This is an archived article that was published on sltrib.com in 2016, and information in the article may be outdated. It is provided only for personal research purposes and may not be reprinted.
If a married woman helps oversee the physical and mental health of 200 LDS missionaries, isn't there a better way to describe her than as the "mission president's wife"?
That's a question the Mormon women's journal, SquareTwo, asked its readers a couple of months ago. And 96 percent of 463 respondents all female answered with a resounding yes.
"The majority (58 percent) suggest also calling her 'president,' [like her husband] or some variation: co-president, presidentess, presidenta," Valerie Cassler, founder and editor, and Neylan McBaine, author of "Women at Church," reported in the journal's recent issue.
A common response, they noted, was that both partners "be president as they are both serving."
This was one of a handful of questions about Mormon women's titles the journal posed to its readers in its unscientific survey.
Almost as many commenters (82 percent) favored replacing the term, Heavenly Father, with Heavenly Parents in the faith's Young Women theme, repeated weekly by those ages 12 to 17, so that it becomes: "We are daughters of our Heavenly Parents, who love us and we love them."
Mormons believe in a divine Father and a divine Mother.
"The current version [of the theme] is absent any indication that the heavenly family includes both a Mother and a Father, as we are told it should on earth," Cassler and McBaine wrote, "and this absence is especially pernicious to Young Women who are learning by very definition to model divinity."
Then there's the issue of what to call the Young Women subgroups, currently dubbed Beehives, Mia Maids and Laurels.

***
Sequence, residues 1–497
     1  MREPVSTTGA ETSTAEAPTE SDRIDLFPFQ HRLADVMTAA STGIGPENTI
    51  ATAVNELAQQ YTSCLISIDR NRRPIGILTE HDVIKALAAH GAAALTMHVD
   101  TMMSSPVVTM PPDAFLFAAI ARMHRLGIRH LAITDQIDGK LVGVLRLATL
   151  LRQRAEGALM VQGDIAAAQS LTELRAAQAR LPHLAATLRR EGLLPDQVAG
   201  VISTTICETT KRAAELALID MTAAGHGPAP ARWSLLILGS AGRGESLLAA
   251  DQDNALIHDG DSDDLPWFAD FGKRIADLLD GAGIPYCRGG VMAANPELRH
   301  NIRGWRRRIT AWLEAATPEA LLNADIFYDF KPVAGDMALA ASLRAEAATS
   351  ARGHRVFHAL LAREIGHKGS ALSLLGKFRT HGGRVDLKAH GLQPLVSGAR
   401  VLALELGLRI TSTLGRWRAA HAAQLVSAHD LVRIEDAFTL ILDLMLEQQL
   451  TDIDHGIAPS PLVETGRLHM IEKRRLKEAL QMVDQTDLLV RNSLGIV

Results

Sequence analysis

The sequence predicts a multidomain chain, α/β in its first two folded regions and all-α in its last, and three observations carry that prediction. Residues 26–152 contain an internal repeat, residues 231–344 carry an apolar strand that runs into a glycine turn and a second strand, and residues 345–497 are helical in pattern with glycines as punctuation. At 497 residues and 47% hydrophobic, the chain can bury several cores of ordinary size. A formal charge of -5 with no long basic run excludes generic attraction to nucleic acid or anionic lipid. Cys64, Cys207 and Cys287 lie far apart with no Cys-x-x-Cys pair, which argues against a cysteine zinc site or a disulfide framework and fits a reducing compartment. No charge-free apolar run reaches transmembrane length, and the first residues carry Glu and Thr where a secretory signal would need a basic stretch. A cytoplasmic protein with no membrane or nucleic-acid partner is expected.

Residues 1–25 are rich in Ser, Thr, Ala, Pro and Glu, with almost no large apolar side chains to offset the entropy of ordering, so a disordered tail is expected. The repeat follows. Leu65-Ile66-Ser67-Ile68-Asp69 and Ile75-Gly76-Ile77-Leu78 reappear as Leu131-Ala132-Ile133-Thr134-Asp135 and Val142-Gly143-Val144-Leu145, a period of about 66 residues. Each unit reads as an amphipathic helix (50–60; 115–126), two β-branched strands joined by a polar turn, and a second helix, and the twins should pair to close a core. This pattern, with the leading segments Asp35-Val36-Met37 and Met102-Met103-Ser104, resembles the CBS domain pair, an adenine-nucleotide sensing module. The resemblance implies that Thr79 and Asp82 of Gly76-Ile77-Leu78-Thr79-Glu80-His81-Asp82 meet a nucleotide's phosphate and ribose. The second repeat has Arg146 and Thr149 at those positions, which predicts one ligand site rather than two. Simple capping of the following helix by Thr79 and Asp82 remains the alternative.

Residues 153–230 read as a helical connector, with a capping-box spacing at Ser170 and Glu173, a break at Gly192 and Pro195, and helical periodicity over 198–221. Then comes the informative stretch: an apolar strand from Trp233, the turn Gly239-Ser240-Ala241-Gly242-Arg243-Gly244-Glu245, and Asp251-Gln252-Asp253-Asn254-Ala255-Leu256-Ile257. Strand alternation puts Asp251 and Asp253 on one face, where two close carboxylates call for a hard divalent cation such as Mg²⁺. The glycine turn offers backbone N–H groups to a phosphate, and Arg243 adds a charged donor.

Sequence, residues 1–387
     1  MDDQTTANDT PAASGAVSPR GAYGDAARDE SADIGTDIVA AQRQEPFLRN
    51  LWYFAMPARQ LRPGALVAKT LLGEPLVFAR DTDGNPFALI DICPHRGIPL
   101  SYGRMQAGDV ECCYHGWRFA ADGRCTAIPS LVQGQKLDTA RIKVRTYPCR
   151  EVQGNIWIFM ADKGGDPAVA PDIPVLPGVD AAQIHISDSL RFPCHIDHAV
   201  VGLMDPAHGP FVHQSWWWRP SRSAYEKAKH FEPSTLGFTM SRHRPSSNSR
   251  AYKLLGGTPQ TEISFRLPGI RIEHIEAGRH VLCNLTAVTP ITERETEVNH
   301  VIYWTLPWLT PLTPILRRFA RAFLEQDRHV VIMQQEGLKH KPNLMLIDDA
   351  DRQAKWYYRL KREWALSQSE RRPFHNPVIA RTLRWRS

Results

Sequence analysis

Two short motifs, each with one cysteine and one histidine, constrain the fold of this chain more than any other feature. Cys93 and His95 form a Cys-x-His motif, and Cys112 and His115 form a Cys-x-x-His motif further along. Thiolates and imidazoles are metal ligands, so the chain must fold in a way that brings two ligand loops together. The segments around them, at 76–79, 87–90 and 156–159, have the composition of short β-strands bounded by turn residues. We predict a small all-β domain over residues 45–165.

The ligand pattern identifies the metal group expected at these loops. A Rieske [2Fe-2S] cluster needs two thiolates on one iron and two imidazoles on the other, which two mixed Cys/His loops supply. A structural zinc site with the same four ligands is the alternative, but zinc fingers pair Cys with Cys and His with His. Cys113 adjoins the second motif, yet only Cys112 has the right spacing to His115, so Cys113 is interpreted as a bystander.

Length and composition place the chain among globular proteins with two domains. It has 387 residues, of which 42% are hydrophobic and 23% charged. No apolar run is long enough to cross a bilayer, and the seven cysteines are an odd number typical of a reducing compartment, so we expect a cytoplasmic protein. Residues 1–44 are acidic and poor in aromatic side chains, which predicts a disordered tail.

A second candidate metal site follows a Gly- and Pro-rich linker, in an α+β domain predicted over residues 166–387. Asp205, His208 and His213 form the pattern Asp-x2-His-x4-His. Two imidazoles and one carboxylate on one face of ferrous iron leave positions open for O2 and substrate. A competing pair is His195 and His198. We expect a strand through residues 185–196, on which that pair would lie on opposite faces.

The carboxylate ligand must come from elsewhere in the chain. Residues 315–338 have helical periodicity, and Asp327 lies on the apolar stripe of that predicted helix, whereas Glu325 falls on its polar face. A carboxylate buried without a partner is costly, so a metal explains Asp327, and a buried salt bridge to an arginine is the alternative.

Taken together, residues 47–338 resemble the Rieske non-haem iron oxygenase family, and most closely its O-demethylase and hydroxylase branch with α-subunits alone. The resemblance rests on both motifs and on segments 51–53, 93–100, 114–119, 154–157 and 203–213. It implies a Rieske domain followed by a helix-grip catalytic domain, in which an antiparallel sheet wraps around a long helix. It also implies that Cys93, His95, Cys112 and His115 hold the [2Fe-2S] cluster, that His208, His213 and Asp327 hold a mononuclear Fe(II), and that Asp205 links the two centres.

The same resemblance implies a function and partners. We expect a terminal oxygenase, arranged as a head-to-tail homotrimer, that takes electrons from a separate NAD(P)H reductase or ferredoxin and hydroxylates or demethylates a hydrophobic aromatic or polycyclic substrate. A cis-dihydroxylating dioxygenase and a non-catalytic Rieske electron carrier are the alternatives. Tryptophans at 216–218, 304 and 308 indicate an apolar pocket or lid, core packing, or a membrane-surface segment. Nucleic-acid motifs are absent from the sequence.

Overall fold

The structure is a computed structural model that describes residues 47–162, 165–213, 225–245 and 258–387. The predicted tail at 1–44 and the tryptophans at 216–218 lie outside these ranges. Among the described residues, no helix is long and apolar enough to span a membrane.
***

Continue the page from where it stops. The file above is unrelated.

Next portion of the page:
About 75 percent favored new names for those classes, including 14 percent who would like to see only Mia Maids changed.
"The term 'maid' does not mean now what it once meant ('maiden'), and connotes in the 21st century an often ill-paid and unskilled housekeeper," the authors explained. " 'Maid' is an ancient virginal reference,' said one respondent. 'Girls (at least American) these days think of 'maid' only as in hotel housekeeping,' " said another.
MIA refers to "Mutual Improvement Association," which no longer exists in The Church of Jesus Christ of Latter-day Saints.
The names feel "dated and lacking weight," some commenters lamented, when compared with the teenage boys' classes: Deacons, Teachers and Priests.
Some 14 percent of respondents would like the Young Women groups to be Deaconesses, Teachers and Priestesses, Cassler and McBaine wrote.
"We are anointed the same as them in the temple," one commenter said. "Why not recognize that as youth progress toward the temple?"
Others suggested an array of alternatives, including: Deserets, Seekers. Shepherds, Lambs, Lanterns. Fledglings, Meadowlarks, Eagles, Rubies, Emeralds, Diamonds, Pioneers, Pilgrims, Nobels. Shepherds, Scholars, Disciples, Endeavor, Strength, Purpose, Prioress, Abbess, Priestess, Junior, Leaders, Novices, Apprentices, Ensigns, Beacons, Builders, Achievers, Officers, Evangelists, Faith, Hope, Charity, Preachers, Warriors, Queens and Guides.
"Nothing that compares Young Women to flowers, fruit or other 'objects,' please," counseled one commenter. "Maybe something like Sowers, Messengers and Shepherds more duty-oriented."
A high percentage (90 percent) wanted to see the church change the name of the award given to female teens for achieving religious goals, now simply called Young Womanhood. They yearned instead for more parallelism with their male peers, whose award is called Duty to God.
Some respondents thought both honors should be called Duty to God Award but those who favored keeping some distinction proposed terms such as Personal Spiritual Achievement, Witness of God, Path of Wisdom, Leadership Award, Commitment to God, Divine Service Award, Faith and Works Award, Discipleship Award and Duty to Goddess Award.
"This survey was only open to women because we were specifically interested in the exercise of women naming themselves, rather than letting men describe women and what they do," Cassler and McBaine wrote. "These statistical results and the hundreds of comments that accompanied them serve to confirm that the names of women's organizations and roles in the church are awkward at best and demoralizing for most."
The chance to consider their own names and by extension their own purposes within institutional Mormonism, the authors argued, "was a meaningful and reflective experience for all respondents."
And for good reason, Cassler and McBaine concluded. "The depth of our faith community's understanding is reflected in the names we use."
Peggy Fletcher Stack